No, they are different. The “morning after pill” is marketed as an emergency contraception method. The most commonly used preparation contains a high level of a progestin and can be taken up to 72 hours after sexual intercourse. New insights into how it works make it clear that it can prevent implantation of the young human embryo into the lining of the uterus. This is a contragestational or abortifacient effect, not a contraceptive effect.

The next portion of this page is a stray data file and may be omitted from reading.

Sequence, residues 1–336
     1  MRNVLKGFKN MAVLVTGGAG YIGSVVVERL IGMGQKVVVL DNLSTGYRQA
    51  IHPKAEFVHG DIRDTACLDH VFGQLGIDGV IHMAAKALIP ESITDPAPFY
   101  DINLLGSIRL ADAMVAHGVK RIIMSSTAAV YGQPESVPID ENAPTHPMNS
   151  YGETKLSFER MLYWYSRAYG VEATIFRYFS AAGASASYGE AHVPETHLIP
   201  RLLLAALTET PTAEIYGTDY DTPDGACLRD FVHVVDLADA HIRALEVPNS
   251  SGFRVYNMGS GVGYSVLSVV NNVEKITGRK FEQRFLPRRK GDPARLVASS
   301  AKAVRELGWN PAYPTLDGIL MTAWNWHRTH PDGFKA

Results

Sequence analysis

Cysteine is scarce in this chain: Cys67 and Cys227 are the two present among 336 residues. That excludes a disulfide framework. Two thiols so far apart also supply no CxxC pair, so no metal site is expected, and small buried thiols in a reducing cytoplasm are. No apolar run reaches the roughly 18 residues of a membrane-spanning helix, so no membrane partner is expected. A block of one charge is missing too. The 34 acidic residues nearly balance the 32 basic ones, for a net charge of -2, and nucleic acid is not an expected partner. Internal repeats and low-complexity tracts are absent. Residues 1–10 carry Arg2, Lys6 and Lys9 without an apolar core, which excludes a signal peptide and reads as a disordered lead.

The abortion pill, mifepristone, is taken up to seven to nine weeks into a pregnancy with the intention of causing an abortion. It works by blocking progesterone receptors. Progesterone is the necessary hormone that nurtures and supports a pregnancy. The newest morning after pill, Ella, is very similar to mifepristone in its action in that it blocks progesterone receptors. It is approved by the FDA for use up to five days after intercourse and also has abortifacient effects.